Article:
It’s in your nature: Orioles
Our area has just been recharging with a wide array of spring arriving birds. One of the most brilliantly feathered is the Baltimore oriole. Not too far behind in the beauty department is a close “relative,” the orchard oriole. Now is the best time before all trees have their full foliage to get better “looks.”
The Baltimore oriole males arrive in our area about the last week of April. They are not introverted, so their presence will probably be revealed first by their rather vocal songs.
Females will arrive about a week or 10 days later. The female oriole is one of the most intricate nest builders. She utilizes natural long fibers, like grape vine material, or even horse hair, fishing line, yarn, etc. to build a hanging nest. It will take her 7 to 10 days to build that nest from the fork of thin limbs usually 40 or more feet in the air.
The thin limbs help deter nest marauders from working their way there to feast on the four to six eggs. They have one brood per season. For several years I hung some lengths of yarn on some trees in my yard knowing that a pair regularly chose my large silver maple for their nests. Not too surprisingly, her nest was partially constructed with my offerings.
Once all the eggs have been laid, you could expect the young to leave the nest in 28 to 30 days. Orioles do not remain in the Times News area long and are one of the earliest migrants. Some overwinter in southern Florida, while most head farther south to Mexico, Central America and the northern edge of South America.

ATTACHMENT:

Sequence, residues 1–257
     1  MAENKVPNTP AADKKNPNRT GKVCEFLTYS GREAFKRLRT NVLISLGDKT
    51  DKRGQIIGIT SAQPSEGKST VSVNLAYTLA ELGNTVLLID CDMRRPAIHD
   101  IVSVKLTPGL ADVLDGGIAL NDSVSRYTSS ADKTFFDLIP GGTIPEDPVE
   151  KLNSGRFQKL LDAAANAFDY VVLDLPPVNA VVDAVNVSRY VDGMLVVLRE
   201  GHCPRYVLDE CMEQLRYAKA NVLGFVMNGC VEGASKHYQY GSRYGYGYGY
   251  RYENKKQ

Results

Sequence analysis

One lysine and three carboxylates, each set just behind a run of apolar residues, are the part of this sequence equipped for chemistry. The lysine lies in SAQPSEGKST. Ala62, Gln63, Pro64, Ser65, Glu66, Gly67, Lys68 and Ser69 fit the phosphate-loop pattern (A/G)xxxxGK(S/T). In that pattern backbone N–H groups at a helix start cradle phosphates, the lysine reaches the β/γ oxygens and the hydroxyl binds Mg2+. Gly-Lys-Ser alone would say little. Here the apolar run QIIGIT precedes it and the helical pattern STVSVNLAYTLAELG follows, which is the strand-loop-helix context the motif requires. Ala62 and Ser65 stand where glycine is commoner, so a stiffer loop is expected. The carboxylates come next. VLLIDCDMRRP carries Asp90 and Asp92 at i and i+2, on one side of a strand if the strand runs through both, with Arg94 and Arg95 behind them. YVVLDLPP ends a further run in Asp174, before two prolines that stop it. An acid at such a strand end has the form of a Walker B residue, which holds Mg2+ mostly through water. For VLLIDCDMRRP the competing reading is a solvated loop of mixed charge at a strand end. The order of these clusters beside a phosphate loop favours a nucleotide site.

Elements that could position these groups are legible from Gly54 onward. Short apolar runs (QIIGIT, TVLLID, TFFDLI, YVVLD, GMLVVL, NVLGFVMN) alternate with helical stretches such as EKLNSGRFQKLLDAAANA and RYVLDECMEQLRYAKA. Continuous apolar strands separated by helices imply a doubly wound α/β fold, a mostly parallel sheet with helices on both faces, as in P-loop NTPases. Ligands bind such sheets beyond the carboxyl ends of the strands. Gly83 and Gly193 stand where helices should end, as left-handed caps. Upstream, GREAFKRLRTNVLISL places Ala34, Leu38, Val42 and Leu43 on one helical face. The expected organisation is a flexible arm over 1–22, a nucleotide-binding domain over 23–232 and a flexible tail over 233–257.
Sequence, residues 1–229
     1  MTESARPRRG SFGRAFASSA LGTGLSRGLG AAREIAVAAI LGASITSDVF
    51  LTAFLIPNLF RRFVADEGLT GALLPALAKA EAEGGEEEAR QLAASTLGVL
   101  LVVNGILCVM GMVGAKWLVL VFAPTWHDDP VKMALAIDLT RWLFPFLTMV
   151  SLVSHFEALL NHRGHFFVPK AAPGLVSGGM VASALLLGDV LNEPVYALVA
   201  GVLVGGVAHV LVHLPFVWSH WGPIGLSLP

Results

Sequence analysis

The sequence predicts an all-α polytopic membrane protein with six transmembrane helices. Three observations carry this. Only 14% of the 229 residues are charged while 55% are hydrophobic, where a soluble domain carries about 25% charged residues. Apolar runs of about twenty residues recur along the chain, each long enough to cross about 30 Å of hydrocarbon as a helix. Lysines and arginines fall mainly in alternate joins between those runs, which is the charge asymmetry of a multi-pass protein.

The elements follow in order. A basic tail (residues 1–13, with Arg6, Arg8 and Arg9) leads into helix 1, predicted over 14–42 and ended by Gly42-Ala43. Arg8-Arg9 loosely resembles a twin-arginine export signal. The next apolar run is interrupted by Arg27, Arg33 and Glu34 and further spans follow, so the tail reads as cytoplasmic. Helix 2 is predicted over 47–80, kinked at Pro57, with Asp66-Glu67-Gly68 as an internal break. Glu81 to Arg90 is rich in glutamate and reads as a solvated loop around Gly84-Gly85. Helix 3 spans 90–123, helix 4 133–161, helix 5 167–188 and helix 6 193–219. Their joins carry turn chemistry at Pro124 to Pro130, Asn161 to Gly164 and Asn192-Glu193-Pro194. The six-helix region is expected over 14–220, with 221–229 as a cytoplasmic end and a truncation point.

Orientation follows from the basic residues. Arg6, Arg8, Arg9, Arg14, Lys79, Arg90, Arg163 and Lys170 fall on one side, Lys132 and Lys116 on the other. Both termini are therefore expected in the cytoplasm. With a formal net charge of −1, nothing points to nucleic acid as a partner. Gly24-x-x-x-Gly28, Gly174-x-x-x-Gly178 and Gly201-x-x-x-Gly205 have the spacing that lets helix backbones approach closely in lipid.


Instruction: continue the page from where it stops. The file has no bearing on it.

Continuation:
While in our region they feed on insects in particular, especially while feeding this protein-rich food to the young. However, they will eat flower nectar, some fruits and even my cake suet blocks. They are particularly fond of fruit, especially after the young leave the nest, and in winter eat almost all fruit. Orioles are much like miniature parrots, sometimes hanging upside down to garner insects from the underside of leaves or to get to the nectar in plants like trumpet creeper. Remember though, they are not a deep forest bird like a scarlet tanager, they prefer field edges, more open deciduous woodlots, and even big city parks like Allentown would offer.
The orchard oriole is little bigger than 7 inches in size compared to the almost 8½ inch Baltimore oriole. Besides size, their colors are chestnut and black. (They are not as gaudy as their cousins)
Orchard orioles prefer areas that are moister and more likely seen near a stream edge, edge of a marshy area, or closer to a lake shore. Both the orchard oriole and Baltimore oriole females lack the bright males’ colors with the orchard oriole female basically light greenish in color with the corresponding black like the males.
While Baltimore orioles nest well into southern Canada as well as our area, the orchard oriole’s northern range is just about the Pennsylvania and New York state area. Orchard orioles’ nests are not as “basket like” but again built on thinner limb forks. They also migrate rather early and don’t expect to see either species much after mid to late July.
Both species numbers, as most songbirds, are dropping. Again, mostly because of reduced overwintering areas in the tropics. The Baltimore oriole’s preference for fruit has caused them to be disliked in fruit growing areas too. I had an early ripening peach variety and was surprised to see a small migrating group of orioles enjoying their tasty flesh.
If you have suitable habitat for orioles, I suggest you continue restocking your suet block feeder, buy an oriole feeder (similar to a hummingbird feeder), or place some oranges cut in halves on some shrub branches. Enjoy both of these beautiful oriole species.
Test Your Outdoor Knowledge: Why do you think the Baltimore oriole doesn’t nest in a Norway or blue spruce tree?
Last Week’s Trivia: Generally eight species of flycatchers nest here with one or two other species possible.
Contact Barry Reed at email@example.com.